taal eruption
Residents affected by the eruption of Taal volcano walk past pineapples covered in mud in Tagaytay City, Philippines' Cavite province on January 17, 2020. The threat of the Philippines' Taal volcano unleashing a potentially catastrophic eruption remains high, authorities warned on January 16, saying it was showing dangerous signs despite a "lull" in spewing ash.
AFP/Ted Aljibe
Taal eruption’s impact on economy likely ‘small’ — NEDA
Ian Nicolas Cigaral (Philstar.com) - January 20, 2020 - 4:36pm

MANILA, Philippines — Taal Volcano’s eruption will likely have a “small” impact on the economy, the Philippines’ socioeconomic planning agency said Monday.

Taal last week spewed ash, rumbled with earthquakes and exploded with volcanic lightning, displacing thousands of residents and disrupting businesses and schools in nearby areas, including the Philippine capital Manila.

A "hazardous explosive eruption is possible within hours to days," the nation's seismological agency warned.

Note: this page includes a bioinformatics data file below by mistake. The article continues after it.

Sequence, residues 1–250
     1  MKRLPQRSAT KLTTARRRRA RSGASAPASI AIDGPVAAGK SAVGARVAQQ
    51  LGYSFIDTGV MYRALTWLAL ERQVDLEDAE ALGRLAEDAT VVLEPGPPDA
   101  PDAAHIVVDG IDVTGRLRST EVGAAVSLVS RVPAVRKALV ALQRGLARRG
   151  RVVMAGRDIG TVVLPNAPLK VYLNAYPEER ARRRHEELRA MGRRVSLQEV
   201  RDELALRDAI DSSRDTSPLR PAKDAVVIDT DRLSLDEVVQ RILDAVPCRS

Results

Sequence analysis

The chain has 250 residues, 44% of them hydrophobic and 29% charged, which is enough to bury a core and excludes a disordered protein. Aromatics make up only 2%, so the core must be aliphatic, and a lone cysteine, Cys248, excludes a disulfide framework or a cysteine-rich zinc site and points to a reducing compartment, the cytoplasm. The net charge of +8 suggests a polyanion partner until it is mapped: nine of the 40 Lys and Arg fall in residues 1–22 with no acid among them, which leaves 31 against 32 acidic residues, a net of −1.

“We don’t see it having major effect unless there will be a violent eruption,” National Economic and Development Authority Undersecretary Adoracion Navarro said at a press conference.

Adoracion said that based on NEDA’s estimate, foregone income from the Taal unrest could hit as high as P6.66 billion or equivalent to 0.26% of Calabarzon’s regional economic output in 2018.

NEDA’s projection included possible effects of the eruption on industries and services within the 14-km radius and latest data on agricultural damage. However, the estimate did not include damage to infrastructure and private properties.

"We will adjust our assessment of economic impact in case there will be a violent eruption," said Navarro.

According to a Department of Agriculture estimate over the weekend, damage and losses to agriculture from the eruptions and resulting ash fall has reached P3.17 billion.

Around 15,790 hectares of agricultural lands have been affected and production losses have reached 43,772 metric tons, according to the DA-disaster risk reduction and management operation center.

Finance Secretary Carlos Dominguez III earlier said the National Capital Region and the Calabarzon Region — made up of Cavite, Laguna, Batangas, Rizal, and Quezon provinces — contributed 53% of the country’s total gross domestic product in 2018 at 36% and 17% respectively. Central Luzon had a 9% share.

The country loses 1%-2% of its yearly GDP due to natural disasters, especially typhoons, he added.

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